Sagg Main: From Generation to Generation

Written By: Rebecca Goren


There I stood, in the King Kullen Parking lot, a woman on the brink of 40; with the caress of the cool and gentle morning breeze, mingled with the salty kiss of the nearby sea, I was suddenly flooded with sun-drenched childhood memories and transported back to a time of ice cream trucks and body surfing. My husband and children were sleeping soundly in my childhood home allowing me a few moments to travel back in time.


I remembered golden mornings at Sagg Main beach when the seashore was nearly empty and the cool breeze gently ruffled our freshly planted umbrellas; it would send a chill down our backs as we smiled with breezy early morning excitement.  I remembered sweet naps during which I was constantly awoken and then lulled back to sleep anew by the sound of strangers’ conversations mingled together with the crashing of the waves. Each trip into the water held the promise of a great ride on a wave; also present was the frightening but somewhat exciting threat of “getting rolled” by the waves if you didn’t do it just right. With each wave, we had been well trained to choose, “Do I go over this wave or do I dive under?” I grew up checking the flags each day. I would measure the degree of my freedom for the day by the flag’s color. White flag; I was set! Blue flag; that meant that we needed dad. Red flag; that meant off- limits. Red flag days were often met with frustrated grunts and frowns while white flag days meant hours of swimming and getting rolled; it wasn’t uncommon to come home with a number of cuts and scrapes. This, along with red peeling noses, was a sign of having had a fun day at the beach.


My family lives far away from this beach but we come here every summer to visit. My girls, Yael and Naama, absolutely adore kite flying and insist upon bringing their kites to the beach each time we go. Trips to the ice cream truck are equally exciting for mom and kids and grandpa loves to treat. My children are still young, so short trips into the water are the excitement for now.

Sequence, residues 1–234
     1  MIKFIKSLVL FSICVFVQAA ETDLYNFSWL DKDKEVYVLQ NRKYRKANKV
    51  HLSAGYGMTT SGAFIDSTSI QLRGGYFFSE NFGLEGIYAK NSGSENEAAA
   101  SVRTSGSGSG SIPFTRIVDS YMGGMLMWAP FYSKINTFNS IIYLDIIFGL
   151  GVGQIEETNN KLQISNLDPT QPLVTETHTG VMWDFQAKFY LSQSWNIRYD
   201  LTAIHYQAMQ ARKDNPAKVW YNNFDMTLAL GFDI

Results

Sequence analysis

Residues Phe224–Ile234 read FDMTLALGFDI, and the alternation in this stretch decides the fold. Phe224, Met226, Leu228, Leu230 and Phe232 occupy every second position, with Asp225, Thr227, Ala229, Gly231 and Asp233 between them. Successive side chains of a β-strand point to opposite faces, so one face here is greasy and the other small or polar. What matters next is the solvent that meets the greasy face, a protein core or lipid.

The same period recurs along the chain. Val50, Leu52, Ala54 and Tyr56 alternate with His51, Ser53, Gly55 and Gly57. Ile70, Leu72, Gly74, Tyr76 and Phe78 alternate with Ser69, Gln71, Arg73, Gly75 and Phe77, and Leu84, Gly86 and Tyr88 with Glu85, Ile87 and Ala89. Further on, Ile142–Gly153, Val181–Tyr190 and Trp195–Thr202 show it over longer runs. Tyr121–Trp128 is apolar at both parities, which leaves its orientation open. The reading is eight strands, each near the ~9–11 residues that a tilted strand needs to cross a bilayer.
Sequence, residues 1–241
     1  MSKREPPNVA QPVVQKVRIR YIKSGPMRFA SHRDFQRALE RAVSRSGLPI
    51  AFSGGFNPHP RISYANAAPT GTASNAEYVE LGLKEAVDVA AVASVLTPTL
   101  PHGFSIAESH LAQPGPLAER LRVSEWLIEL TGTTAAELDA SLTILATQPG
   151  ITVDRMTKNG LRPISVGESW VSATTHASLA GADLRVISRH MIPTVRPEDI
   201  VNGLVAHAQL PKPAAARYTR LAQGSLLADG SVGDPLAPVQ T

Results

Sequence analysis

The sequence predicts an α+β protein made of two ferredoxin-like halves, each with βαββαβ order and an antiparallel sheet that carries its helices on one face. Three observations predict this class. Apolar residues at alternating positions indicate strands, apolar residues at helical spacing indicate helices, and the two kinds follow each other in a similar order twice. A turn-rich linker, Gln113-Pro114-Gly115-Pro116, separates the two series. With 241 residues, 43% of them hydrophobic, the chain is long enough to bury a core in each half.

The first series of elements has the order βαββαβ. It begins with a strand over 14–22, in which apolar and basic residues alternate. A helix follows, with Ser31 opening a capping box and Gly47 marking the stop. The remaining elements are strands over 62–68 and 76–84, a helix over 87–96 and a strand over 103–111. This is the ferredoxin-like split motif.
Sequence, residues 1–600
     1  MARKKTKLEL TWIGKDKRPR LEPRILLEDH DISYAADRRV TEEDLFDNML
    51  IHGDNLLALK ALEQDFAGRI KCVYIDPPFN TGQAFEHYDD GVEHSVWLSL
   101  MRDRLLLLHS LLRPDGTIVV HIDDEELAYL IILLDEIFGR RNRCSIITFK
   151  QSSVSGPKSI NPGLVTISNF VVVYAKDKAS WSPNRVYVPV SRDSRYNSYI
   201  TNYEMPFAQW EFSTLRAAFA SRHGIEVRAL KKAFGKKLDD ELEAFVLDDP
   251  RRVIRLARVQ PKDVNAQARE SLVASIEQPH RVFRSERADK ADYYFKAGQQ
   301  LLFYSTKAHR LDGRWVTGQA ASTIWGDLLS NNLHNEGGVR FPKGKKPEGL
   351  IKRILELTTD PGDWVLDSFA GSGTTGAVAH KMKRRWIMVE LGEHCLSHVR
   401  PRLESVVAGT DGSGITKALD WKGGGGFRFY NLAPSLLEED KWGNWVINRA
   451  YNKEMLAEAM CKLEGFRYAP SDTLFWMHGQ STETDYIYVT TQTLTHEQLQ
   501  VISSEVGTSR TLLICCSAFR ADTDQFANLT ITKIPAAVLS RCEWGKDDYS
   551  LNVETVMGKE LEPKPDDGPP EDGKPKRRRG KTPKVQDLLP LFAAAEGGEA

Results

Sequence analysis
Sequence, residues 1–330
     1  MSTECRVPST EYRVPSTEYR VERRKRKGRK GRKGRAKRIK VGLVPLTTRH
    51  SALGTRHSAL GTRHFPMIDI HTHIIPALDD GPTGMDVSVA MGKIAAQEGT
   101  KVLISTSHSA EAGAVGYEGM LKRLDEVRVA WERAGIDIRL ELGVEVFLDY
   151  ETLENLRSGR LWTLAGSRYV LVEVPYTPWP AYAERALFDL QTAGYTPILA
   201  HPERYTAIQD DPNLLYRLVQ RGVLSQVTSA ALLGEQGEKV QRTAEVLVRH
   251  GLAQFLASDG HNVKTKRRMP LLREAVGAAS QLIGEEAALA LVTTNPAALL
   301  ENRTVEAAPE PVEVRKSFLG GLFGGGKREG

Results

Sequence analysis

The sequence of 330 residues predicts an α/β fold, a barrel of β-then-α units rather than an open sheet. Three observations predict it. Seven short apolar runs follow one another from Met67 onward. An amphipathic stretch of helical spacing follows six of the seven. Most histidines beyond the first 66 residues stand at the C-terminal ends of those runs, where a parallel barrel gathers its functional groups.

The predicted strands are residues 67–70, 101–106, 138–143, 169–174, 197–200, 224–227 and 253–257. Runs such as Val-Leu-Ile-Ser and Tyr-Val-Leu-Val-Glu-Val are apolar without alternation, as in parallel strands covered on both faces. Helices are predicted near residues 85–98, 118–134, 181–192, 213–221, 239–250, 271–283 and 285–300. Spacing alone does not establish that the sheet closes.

As I carefully guard my children’s safety when they’re in the water, I hear the wise words of my beach-adoring father, echoing back to me through the years; years ago, as we would run out through the waves, after the initial dive, and during the ensuing jumps over new waves, he would calmly tell me, “Rebecca, respect the ocean; the current is stronger than you are. If you ever get caught, don’t try to fight it. Swim with the current and raise your hand for the lifeguards to help you.” Most certainly, these words came from his beach-wise father and I look forward to the days when I will be able to impart their wisdom to my own girls.


My husband and I married on this very beach in 2007. We made our vows and started our new life together while standing on the same sand that would stick to my wet feet when I was a child. As sure as I would bring some of that sand home with me at the end of each beach day, I have taken grains of wisdom with me over the years that were born here, at this beach. The salty moisture of the beach is in my bones and is a part of my blood. No matter where I have visited or lived in the world, I have felt most at home when near a seashore. It has occurred to me that I could not feel any more at home than I do at Sagg Main beach. The first minute that I step off of the stairs, sink my feet into the sand and stare out at the majestic waves that seem to have waited for me these past 30 years, I feel welcomed home again.